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Leading through a catastrophe...

“To-night the temperature has dropped to –16 (degrees) Fahr., and most of the men are cold and uncomfortable. After the tents had been pitched I mustered all hands and explained the position to them briefly and, I hope, clearly. I have told them the distance to the barrier and the distance to Paulet Island, and have stated that I propose to try to march with equipment across the ice in the direction of Paulet Island. I thanked the men for the steadiness and good moral they have show in these trying circumstances, and told them I had no doubt that provided they continued to work their utmost and to trust me, we will all reach safety in the end. Then we had supper….” For myself, I could not sleep. The destruction and abandonment of the ship was no sudden shock. The disaster had been looming ahead for many months, and I had studied my plans for all contingencies a hundred times.  But the thoughts that came to me as I walked up and down in the darkness were not particularly cheerful. The task now was to secure the safety of the party, and to that I must bend my energies and mental power and apply every bit of knowledge that experience of the Antarctic had given me. The task was likely to be long and strenuous, and an ordered mind and a clear programme were essential if we were to come through without loss of life. A man must shape himself to a new mark directly the old one goes to ground."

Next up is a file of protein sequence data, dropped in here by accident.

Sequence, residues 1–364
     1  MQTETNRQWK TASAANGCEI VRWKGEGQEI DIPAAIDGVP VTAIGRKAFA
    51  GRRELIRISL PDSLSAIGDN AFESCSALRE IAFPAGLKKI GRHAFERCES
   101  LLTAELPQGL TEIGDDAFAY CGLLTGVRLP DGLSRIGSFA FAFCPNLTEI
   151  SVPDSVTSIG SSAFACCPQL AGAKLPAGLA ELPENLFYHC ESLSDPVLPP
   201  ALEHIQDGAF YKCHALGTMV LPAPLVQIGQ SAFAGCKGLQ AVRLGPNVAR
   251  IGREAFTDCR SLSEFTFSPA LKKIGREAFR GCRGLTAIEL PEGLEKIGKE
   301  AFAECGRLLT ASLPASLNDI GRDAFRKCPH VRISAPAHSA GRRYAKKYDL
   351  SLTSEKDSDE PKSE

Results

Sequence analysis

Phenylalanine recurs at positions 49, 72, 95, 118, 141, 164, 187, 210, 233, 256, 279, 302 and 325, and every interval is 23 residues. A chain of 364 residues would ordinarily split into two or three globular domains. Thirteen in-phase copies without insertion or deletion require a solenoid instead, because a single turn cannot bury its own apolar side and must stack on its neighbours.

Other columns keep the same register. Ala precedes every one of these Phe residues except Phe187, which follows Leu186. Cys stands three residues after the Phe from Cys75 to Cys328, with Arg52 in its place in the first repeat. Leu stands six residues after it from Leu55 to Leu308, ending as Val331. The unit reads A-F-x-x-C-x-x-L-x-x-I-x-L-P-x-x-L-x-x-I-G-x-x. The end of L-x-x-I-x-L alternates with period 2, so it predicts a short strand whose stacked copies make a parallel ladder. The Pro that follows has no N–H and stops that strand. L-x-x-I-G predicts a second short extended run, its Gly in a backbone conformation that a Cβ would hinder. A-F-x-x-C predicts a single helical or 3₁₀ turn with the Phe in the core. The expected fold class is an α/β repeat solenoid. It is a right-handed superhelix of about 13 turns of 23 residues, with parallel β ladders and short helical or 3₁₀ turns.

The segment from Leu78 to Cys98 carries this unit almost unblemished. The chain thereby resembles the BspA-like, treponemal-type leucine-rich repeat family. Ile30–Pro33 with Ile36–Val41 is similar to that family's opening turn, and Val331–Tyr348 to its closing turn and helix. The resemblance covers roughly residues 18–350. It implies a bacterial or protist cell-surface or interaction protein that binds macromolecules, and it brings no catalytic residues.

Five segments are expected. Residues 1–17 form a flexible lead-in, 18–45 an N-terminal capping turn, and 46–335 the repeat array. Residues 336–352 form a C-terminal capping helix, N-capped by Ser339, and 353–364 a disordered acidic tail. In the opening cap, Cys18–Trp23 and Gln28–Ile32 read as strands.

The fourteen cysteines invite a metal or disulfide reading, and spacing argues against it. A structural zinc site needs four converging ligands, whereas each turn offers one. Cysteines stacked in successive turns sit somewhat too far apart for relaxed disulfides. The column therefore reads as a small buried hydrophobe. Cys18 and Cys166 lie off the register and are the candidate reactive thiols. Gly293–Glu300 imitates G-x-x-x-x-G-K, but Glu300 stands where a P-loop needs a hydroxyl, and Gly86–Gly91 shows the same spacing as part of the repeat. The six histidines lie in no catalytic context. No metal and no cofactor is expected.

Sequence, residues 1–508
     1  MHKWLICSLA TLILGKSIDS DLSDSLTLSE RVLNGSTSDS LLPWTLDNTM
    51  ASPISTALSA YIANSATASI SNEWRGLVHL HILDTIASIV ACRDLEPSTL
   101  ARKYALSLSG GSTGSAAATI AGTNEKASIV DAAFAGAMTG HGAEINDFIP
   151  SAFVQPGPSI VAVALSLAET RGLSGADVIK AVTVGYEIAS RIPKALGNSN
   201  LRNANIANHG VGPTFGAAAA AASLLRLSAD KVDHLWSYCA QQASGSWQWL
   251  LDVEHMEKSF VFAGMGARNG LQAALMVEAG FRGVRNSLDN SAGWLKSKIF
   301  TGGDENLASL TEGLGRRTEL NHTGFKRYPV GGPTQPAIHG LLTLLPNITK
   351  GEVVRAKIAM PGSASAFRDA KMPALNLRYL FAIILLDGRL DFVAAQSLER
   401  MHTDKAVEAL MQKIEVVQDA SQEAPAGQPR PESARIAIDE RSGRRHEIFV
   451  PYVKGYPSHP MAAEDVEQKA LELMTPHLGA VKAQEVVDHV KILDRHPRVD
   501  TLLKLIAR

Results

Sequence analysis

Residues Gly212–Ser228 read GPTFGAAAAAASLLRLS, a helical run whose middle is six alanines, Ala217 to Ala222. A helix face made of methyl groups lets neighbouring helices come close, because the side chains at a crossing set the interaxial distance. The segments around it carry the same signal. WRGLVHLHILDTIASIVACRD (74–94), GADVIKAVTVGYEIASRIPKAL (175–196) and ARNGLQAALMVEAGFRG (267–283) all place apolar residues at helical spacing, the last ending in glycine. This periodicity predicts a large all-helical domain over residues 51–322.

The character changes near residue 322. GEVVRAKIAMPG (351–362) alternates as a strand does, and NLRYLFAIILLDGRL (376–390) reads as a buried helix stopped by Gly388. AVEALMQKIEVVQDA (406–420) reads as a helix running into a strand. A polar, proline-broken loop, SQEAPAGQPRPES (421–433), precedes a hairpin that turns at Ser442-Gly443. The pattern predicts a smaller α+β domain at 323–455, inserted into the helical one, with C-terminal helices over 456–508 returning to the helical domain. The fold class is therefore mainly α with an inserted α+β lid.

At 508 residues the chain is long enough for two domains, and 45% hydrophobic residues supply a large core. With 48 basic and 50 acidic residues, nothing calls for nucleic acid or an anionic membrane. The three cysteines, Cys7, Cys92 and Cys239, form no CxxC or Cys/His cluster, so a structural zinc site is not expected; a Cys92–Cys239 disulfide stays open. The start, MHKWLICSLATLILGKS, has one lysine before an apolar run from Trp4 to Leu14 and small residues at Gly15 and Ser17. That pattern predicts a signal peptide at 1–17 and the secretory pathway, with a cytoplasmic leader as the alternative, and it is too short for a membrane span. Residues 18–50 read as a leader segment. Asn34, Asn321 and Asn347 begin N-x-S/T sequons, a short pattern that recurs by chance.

NOTE: In this vignette, we see a vivid image of Shackleton's magnificent leadership qualities. He calls the whole team together so everyone will hear the same message directly from him. He acknowledges the difficulties but states that he is confident in a positive outcome. He models the attitude that he wants his team to assume. Typically, he takes the first watch.


As he notes in this passage, he had meticulously planned for every contingency.



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